Collaboration is in the news:
“Everybody wants to collaborate, everybody can see the value in collaboration, but when it comes right down to the nitty-gritty of having to do it, it often means changing what you’re doing in the present to do something different in the future.”
~ R. Richard Ray Jr., provost of Hope College in a recent article in Inside Higher Ed. (“Our Powers Combined.” Carl Straumsheim. Inside Higher Ed. March 19, 2014)
But collaboration is not easy. And most who are attempting what they term collaboration fail to acknowledge the attributes of effective – and sustainable – collaboration. Further, they put their hopes in external influences rather than disciplined internal organizational development.
Here are some things to consider:
- Collaboration by executive mandate does not work over the long haul. Period.
- Mere (evangelistic) enthusiasm runs its course and is not sustainable.
- Temporary infusions of grant funds are not good enough. Trust me.
When executive attention is diverted or the evangelist moves on to the next enthusiastic effort and the grant money runs out – as it will – the work on the “collaboration” will very likely sputter, eventually flame out, leaving the residue of all the good intentions and (sometimes) great ideas that initiated the work in the first place.
But there is hope. There are approaches that can help ensure the success of collaborative efforts. However, they require discipline and an honest appraisal of organizational readiness for work that does not come easily in a culture where the reward structure is founded on individual authority and independent successes.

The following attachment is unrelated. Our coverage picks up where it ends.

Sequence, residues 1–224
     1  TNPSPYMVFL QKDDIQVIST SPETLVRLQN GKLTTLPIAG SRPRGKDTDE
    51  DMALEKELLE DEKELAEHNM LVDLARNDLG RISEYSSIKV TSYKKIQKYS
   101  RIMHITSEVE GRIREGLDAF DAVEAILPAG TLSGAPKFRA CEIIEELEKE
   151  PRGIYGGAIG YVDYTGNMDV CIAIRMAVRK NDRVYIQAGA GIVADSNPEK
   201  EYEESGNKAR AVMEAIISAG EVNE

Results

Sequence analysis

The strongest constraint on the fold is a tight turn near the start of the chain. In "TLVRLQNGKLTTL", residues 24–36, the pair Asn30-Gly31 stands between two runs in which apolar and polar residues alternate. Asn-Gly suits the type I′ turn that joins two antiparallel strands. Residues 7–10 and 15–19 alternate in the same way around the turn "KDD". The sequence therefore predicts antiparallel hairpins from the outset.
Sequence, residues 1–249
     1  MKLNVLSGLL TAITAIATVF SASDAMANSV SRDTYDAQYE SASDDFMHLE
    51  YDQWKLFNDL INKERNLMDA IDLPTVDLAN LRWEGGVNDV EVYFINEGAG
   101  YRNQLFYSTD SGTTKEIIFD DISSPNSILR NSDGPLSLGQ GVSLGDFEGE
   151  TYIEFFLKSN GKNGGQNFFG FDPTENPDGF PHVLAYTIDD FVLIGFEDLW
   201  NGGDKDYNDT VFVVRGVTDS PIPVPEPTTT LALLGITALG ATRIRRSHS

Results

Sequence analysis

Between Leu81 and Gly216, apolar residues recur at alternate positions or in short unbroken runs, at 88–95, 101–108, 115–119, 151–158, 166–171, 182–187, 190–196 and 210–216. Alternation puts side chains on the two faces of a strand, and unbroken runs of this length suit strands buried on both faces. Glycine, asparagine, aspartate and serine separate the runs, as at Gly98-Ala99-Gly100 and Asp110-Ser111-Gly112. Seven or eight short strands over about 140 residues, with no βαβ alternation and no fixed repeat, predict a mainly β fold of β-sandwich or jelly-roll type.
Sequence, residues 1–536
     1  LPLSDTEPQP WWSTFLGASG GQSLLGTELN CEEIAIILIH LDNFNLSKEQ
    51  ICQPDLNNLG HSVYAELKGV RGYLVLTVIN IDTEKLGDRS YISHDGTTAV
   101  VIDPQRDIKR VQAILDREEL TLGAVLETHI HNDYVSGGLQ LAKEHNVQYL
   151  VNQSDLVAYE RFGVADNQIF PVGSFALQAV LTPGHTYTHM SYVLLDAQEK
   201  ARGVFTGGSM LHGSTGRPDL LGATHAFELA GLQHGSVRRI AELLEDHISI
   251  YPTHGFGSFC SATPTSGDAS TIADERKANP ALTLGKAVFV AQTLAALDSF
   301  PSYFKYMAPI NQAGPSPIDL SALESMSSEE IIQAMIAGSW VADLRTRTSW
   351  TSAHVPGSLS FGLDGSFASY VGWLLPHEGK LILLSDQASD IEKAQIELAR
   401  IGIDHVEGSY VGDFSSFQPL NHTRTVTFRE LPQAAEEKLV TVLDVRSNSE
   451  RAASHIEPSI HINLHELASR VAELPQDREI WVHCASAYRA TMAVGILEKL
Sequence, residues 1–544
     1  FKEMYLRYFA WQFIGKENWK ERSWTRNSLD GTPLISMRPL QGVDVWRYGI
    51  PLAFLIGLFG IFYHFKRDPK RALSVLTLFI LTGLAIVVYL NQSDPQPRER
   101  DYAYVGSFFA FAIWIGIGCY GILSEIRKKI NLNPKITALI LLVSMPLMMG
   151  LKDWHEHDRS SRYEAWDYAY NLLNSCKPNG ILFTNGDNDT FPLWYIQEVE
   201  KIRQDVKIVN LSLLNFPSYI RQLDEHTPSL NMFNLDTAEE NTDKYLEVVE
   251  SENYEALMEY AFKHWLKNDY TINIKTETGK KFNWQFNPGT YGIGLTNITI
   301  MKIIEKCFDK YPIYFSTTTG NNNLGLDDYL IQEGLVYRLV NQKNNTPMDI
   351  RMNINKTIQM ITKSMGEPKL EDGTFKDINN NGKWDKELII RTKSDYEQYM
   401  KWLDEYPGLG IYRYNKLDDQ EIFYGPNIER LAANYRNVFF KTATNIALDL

First, reflect on what collaboration really means. Take the time to understand the difference between networking, coordinating, cooperating and true collaboration. The Collaboration Continuum is a useful tool to see where your approach and your work falls along this trajectory
Take the time to identify in clear terms the shared purpose that the collaborating partners are working towards. Develop a clear Statement of Shared Purpose that clarifies the issue or opportunity at hand. Such a statement should clarify the urgency, time sensitivity, and/or financial impact associated with the issue or opportunity. This is a useful tool that will help ensure that all participants, all of the stakeholders, and all of the roles represented really understand the objectives of the collaboration, why the organizations are working towards this goal, how they fit in the effort, and how it will benefit them in their own work.
Collaboration may not be easy but it is possible. If you are clear in your purpose and diligent in your organization, collaboration can help you accomplish things together that you cannot do alone.